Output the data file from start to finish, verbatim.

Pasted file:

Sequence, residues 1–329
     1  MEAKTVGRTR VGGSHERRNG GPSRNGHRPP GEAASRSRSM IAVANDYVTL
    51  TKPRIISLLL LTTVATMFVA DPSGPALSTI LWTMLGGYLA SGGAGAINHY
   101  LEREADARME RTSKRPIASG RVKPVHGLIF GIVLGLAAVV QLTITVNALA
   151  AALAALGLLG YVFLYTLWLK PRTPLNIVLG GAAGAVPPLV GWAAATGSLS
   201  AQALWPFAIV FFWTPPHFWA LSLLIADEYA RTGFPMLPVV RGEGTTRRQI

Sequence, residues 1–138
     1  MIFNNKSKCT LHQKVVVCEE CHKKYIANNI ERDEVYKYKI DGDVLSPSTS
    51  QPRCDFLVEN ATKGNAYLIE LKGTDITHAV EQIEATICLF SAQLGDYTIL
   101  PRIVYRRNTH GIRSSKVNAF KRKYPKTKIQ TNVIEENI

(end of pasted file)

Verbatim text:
Sequence, residues 1–329
     1  MEAKTVGRTR VGGSHERRNG GPSRNGHRPP GEAASRSRSM IAVANDYVTL
    51  TKPRIISLLL LTTVATMFVA DPSGPALSTI LWTMLGGYLA SGGAGAINHY
   101  LEREADARME RTSKRPIASG RVKPVHGLIF GIVLGLAAVV QLTITVNALA
   151  AALAALGLLG YVFLYTLWLK PRTPLNIVLG GAAGAVPPLV GWAAATGSLS
   201  AQALWPFAIV FFWTPPHFWA LSLLIADEYA RTGFPMLPVV RGEGTTRRQI

Sequence, residues 1–138
     1  MIFNNKSKCT LHQKVVVCEE CHKKYIANNI ERDEVYKYKI DGDVLSPSTS
    51  QPRCDFLVEN ATKGNAYLIE LKGTDITHAV EQIEATICLF SAQLGDYTIL
   101  PRIVYRRNTH GIRSSKVNAF KRKYPKTKIQ TNVIEENI